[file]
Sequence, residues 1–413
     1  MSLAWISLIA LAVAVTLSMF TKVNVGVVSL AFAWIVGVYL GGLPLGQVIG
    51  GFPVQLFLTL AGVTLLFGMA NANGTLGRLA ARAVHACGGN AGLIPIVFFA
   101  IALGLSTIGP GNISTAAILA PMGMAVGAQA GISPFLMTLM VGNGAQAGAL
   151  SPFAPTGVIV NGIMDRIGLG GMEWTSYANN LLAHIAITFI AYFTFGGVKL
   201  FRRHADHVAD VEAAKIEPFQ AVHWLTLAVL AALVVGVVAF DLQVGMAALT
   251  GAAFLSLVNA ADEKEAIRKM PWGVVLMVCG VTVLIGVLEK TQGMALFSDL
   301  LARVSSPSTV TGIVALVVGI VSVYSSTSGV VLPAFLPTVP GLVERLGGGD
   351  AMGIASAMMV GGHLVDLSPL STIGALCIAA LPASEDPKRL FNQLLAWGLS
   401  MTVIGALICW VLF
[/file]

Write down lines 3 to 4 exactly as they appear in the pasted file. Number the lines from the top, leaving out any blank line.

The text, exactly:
    51  GFPVQLFLTL AGVTLLFGMA NANGTLGRLA ARAVHACGGN AGLIPIVFFA
   101  IALGLSTIGP GNISTAAILA PMGMAVGAQA GISPFLMTLM VGNGAQAGAL